AIW is not the sole reason for this improvement. We have also implemented additional research-based teaching strategies in reading and math at the elementary and middle school levels. We have updated textbooks and teaching materials in reading, English/Language Arts, math, science, and social studies over the past 4 years. This is in addition to the discipline-specific workshops and training that teachers have been attending during the summer months. But AIW is the overarching piece.
As a school administrator, I’ve seen and been involved with a lot of different parent-teacher conferences. Teachers are encouraged to contact parents for both positive reasons and concerns. Nothing replaces a face-to-face conversation. In my experience, sometimes parents are uncomfortable in a parent/teacher conference setting. Most want to be a positive and productive part the discussion but are unsure how to approach the meeting. Below, are a few tips that will help you navigate your child’s parent-teacher conference and make it a more positive experience.
Know who your child’s teachers are. This one seems fairly simple and straightforward, yet there are parents that are unsure about whom their children’s teachers are. This is somewhat understandable with children changing grade levels and new staff being hired over the summer. It is important for parents to get to know their children’s teachers. Many teachers send home weekly newsletters in elementary, and all teachers are to have a teacher page on the school’s website. These are places to start to get to know the teachers prior to that first parent/teacher conference.
Don’t drop in unexpected. Teachers are professionals, just like doctors, lawyers, etc... Unfortunately, they are not often given the same privileges or courtesies. If a teacher has an opportunity to prepare for the meeting, it will make the actual conference go much more smoothly. This is why we have scheduled parent/teacher conferences throughout the school year. Parents and teachers can have uninterrupted time to talk about your child’s education and progress. If, for some reason, you were unable to schedule a time for your child’s parent/teacher conference, please contact the office and the building secretary can help you set one up. Our goal is always 100% attendance. It is that important to us as a school district.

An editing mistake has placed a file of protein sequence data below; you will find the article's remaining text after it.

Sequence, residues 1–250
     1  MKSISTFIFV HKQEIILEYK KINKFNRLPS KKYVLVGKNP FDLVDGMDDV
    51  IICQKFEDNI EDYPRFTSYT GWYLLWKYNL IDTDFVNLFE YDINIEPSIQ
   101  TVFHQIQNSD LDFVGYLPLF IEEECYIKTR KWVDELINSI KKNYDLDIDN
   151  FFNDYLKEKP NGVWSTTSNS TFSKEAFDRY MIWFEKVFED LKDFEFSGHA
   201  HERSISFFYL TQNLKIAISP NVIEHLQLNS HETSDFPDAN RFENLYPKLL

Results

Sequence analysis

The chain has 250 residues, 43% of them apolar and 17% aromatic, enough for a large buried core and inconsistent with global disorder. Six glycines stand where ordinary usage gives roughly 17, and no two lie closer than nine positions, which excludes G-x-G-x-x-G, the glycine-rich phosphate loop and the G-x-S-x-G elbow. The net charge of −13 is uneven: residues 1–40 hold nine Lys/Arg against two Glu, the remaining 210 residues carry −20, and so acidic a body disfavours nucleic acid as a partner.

Encourage your child to take ownership. Nothing is more detrimental to a conference than to have discussions about parent and teacher responsibilities without discussing the child’s responsibilities. I look at learning as a triangle: it cannot be complete without all three—the teacher, the parent(s), and the child—doing their part. The habits that children establish in school will follow them into college and beyond.
Don’t focus solely on the grade. Straight A’s seem ideal, but the letter grade may not reflect whether or not your child is getting everything out of school that he or she can. Is there something more they can be accomplishing? It is possible (and we see this often) that a student who experiences academic success early in school will begin to “coast”, or assume that school is easy for them. As they approach intermediate grades and middle school, this can create a lackluster set of study habits. Additionally, if your child is having some difficulty in a class, you need to evaluate whether or not they’re still learning the material. Just because a student has a low grade (or a grade lower than you want to expect) doesn’t mean they aren’t learning anything; they may just be struggling with a particular type of assignment in the class. Have that discussion with the teacher, whether they are getting all A’s or having some struggles, “Is my child learning the material?” and “Is my child progressing (showing improvement)?”